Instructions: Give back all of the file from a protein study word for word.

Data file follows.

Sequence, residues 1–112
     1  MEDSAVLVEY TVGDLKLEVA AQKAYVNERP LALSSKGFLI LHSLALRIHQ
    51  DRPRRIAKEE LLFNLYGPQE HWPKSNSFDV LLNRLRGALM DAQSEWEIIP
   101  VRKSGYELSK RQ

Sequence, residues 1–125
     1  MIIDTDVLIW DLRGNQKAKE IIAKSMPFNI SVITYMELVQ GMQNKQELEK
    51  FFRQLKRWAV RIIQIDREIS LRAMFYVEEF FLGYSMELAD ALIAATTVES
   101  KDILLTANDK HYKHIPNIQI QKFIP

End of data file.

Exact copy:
Sequence, residues 1–112
     1  MEDSAVLVEY TVGDLKLEVA AQKAYVNERP LALSSKGFLI LHSLALRIHQ
    51  DRPRRIAKEE LLFNLYGPQE HWPKSNSFDV LLNRLRGALM DAQSEWEIIP
   101  VRKSGYELSK RQ

Sequence, residues 1–125
     1  MIIDTDVLIW DLRGNQKAKE IIAKSMPFNI SVITYMELVQ GMQNKQELEK
    51  FFRQLKRWAV RIIQIDREIS LRAMFYVEEF FLGYSMELAD ALIAATTVES
   101  KDILLTANDK HYKHIPNIQI QKFIP